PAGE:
On August 16, 2018, America lost one of its greatest soul artists, Aretha Franklin. It was in the following days that the news reported that while Ms. Franklin passed away with a net worth a over 80 million, she did not leave a Last Will and Testament detailing how she wished for those assets to be distributed upon her death.[1]  With no Will, ultimately her estate will be allocated in accordance with the intestacy laws of Illinois. But, what if she had passed away in Texas? How would estate be allocated in accordance with the intestacy laws of Texas?

Intestacy is the legal condition for an estate when an individual passes away without leaving a valid Will. When one passes away without a Will certain laws goes into effect that dictate the distribution of estates assets. In Texas whether one was married, had children, and whether those children were born of marriage that existed at the time of one’s death effects the allocation of the estates assets. In the case of Aretha Franklin, when she passed away she was not married and was the mother of four living children. [2] Because Ms. Franklin was not married at the time of her death, her 80 million dollar estate would be governed under Section 201.001 of the Texas Estates Code.

If a person dies intestate does not leave a spouse, the estate to which the person had title descends and passes in parcenary to the person’s kindred in the order provided in this section. […] The person’s estate descends and passes to the person’s children and the children’s descendant’s. Texas Estates Code § 201.001(a)-(b).

So, what does the above statute mean? In short, when a person passes away intestate, leaving no spouse and only children, then all their property regardless of type is divided evenly among the children of the deceased. In the case of Aretha Franklin, her property would will most likely be divided amongst her four children.

The major curveball in the case of Ms. Franklin’s estate is that one of her four sons has special needs. [3] Because he is now set to inherit a large portion of the estate, her son could stand to loose multiple forms of aid including Medicaid and Social Security Support. Had Ms. Franklin prepared an estate plan which included a special needs trust, she could have provided him with additional income without risking his benefits.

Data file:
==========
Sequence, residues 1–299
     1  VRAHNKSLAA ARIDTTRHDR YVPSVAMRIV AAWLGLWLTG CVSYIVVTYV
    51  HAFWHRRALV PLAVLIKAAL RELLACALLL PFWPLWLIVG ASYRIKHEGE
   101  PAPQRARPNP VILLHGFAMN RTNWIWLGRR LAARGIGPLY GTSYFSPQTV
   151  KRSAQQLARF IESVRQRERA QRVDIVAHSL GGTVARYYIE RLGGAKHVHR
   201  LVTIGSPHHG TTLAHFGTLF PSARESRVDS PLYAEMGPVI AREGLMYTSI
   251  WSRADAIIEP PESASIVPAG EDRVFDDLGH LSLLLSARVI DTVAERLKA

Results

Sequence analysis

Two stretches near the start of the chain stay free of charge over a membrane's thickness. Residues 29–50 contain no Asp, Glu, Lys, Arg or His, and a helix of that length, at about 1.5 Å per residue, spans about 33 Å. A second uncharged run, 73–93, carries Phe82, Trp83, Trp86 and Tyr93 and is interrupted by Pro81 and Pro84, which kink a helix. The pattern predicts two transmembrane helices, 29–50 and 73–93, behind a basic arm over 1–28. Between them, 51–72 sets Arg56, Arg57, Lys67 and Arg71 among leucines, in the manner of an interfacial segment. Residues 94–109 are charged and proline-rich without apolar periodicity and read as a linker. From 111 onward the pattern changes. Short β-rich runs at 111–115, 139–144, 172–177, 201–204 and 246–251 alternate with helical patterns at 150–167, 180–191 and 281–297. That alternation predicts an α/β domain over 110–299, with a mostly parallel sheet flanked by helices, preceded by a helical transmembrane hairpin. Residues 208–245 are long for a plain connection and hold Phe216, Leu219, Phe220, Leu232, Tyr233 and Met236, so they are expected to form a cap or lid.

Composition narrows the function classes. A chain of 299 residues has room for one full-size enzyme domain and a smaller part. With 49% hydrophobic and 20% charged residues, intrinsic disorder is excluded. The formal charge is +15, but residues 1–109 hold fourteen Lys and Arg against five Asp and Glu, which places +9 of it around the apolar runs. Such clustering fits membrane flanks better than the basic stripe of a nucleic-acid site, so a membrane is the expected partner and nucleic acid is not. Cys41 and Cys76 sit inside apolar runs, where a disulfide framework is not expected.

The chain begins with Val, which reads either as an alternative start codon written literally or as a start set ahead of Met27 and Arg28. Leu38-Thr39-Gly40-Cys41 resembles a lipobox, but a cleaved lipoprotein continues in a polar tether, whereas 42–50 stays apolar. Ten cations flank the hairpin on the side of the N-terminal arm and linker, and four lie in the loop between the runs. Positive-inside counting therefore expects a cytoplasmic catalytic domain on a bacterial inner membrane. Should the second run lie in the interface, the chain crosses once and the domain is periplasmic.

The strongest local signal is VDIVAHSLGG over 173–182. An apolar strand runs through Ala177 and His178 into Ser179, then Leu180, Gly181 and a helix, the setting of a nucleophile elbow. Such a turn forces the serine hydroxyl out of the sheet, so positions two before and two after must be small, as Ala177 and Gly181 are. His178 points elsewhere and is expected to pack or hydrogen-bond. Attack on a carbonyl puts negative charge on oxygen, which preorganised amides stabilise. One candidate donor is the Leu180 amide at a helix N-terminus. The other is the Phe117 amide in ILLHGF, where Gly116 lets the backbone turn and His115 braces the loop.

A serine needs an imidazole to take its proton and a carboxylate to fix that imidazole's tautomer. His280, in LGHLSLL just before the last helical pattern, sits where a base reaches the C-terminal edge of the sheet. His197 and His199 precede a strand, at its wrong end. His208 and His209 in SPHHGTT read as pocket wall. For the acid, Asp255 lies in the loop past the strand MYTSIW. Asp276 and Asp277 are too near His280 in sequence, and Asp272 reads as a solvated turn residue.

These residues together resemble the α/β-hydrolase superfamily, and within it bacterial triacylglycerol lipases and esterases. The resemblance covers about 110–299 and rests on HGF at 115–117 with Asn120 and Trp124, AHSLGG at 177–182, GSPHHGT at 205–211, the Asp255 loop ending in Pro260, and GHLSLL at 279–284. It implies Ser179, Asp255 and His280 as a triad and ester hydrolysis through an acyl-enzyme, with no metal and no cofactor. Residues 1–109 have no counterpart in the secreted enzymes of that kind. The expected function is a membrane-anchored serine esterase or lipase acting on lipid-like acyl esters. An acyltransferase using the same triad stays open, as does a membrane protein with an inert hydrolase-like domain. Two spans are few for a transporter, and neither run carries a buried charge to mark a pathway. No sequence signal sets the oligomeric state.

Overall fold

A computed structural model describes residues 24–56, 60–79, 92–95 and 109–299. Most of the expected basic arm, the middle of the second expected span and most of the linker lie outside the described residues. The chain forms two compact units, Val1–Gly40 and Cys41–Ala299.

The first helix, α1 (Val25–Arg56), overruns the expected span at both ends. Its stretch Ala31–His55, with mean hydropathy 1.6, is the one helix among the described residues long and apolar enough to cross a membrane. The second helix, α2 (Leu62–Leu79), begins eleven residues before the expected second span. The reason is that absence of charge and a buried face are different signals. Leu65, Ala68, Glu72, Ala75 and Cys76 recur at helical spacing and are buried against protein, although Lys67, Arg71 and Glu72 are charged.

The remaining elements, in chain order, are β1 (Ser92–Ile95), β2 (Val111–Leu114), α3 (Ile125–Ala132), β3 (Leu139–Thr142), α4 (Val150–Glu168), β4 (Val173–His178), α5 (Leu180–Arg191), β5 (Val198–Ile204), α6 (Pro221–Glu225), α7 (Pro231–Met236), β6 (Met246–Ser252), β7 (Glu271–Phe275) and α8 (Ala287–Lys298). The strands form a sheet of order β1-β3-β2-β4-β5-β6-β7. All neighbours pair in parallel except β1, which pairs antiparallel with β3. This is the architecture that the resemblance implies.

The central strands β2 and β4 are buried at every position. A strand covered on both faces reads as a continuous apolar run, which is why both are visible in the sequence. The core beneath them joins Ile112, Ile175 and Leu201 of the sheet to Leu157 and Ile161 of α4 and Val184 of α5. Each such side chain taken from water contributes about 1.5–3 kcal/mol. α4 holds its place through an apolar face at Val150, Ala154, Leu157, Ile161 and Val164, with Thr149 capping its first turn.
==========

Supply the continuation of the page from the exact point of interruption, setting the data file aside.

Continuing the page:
What if Aretha Franklin had been married at the time of her death?

How an estate is allocated generally depends upon what type of property is owned, whether the couple left any children who were born to the marriage, and whether they were children of the deceased who were not the children of the spouse. For the purposes of probate law there are three main categories of property that become the subject of distribution at the time of one’s death: (1) Community Property; (2) Separate Real Property; and (3) Separate Personal Property. In this  case, Aretha Franklin’s four sons were not born of the same person, and for the purpose of this article, let’s assume that at the time of her death her “husband” was not the father of her four sons. Had such been the case, her estate would be divided in accordance with Texas Estate’s Code Section 201.002 and 201.003. Assuming that that Ms. Franklin would have amassed most of her fortune while single, under these sections the surviving spouse would only be left with fractional interest in the separate property of Ms. Franklin. More specifically, the husband of Ms. Franklin under Texas intestacy laws would have been entitled to:

  • 1/3 Life Estate in any Separate Real Property owned by Ms. Franklin at the time of her death;
  • 1/3 of any Separate Personal Property owned by Ms. Franklin at the time of her death;
  • 1/2 of any Community Real Property owned by the couple at the time of Ms. Franklin’s death; and
  • ½ of any Community Personal Property owned by the couple at the time of Ms. Franklin’s death.

The remaining interest would then be disbursed among her four sons.


When a person dies intestate in the State of Texas, their estate is divided in accordance with the formulas found in the Texas Estate Code. Although most do not have extensive estate assets such as Aretha Franklin, the need for an estate plan could be just as important. Estate planning allows for one to account for a special needs child or to distribute their assets in the manner they wish. Overall, estate plans allow for an individual to have control over how they wish their estate to be managed and distributed.